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Time : 2021-11-03 Hits : 190

What is ANSI?

The American National Standards Institute (ANSI) is a non-profit organization that oversees and sets U.S. standards, conformity, and norms for products found in nearly every U.S. sector founded in 1918.

The American National Standards Institute / International Safety Equipment Association (ANSI/ISEA) 105-2016 American National Standard for Hand Protection Classification is the latest revision of a voluntary consensus standard first published in 1999, and revised in 2005, 2011 and 2016.

This standard addresses the classification and testing of hand protection for specific performance properties related to chemical and industrial applications. It provides, or refers to, appropriate test methods and provides pass/fail criteria used by manufacturers to classify their products. End users can use this information to review the documentation received from their supplier to help verify the gloves they are considering meet their needs.


Learn more about ANSI

The organization was initially called the American Engineering Standards Committee (AESC) and was primarily focused only on engineering standards. Then, in 1928, the organization was reorganized and named the American Standards Association. Over time, it developed partnerships with numerous global organizations, such as the International Organization for Standardization (ISO), and was eventually renamed in 1969 to its current ANSI title.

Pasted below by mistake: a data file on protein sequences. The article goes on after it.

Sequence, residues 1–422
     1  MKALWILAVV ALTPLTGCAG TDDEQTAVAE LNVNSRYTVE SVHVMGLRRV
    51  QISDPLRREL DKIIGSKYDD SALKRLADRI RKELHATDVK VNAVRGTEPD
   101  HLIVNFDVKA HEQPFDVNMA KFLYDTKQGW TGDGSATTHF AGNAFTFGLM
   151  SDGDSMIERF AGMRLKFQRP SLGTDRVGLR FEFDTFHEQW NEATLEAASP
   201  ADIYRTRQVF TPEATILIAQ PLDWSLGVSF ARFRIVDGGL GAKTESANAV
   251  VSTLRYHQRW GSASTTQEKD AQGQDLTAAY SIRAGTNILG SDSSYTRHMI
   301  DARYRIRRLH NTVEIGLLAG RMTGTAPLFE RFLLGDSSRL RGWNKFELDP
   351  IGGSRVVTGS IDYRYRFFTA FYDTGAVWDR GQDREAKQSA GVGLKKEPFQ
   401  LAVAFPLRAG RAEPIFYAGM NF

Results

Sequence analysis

Today, ANSI standards are present in virtually every industry and regulate standards and qualitiy control in over 270,000 different companies, promoting U.S. safety standards worldwide.  

What does ANSI do?

ANSI's mission is to enhance both the global competitiveness of U.S. business and the U.S. quality of life by promoting and facilitating voluntary consensus standards and conformity assessment systems, and safeguarding their integrity.

The update of ANSI 105



ANSI/ISEA 105: 2016 will increase the number of cut levels from 1-5 under ASTM F-1790 to A1-A9 under ASTM F2992 to provide more accurate and defined cut ratings. This allows ANSI to extend the old level 5 standard (1500g-3499g) and offer more accurate cut-resistant glove options beyond level 5.




In summary,

ANSI plays an irreplaceable role in the US standards system. Each participant in the electrical industry (inspector, installer, manufacturer, designer, etc.) must endeavor to understand the role ANSI plays and support that role by actively participating in the standards system and in setting the direction ANSI takes in the future.

One of the key ANSI publications is Standards Action. This document is produced biweekly and indicates what standards are under development and out for public review. Standards Action is available on the ANSI web site. This is required reading for anyone involved in the US codes and standards system.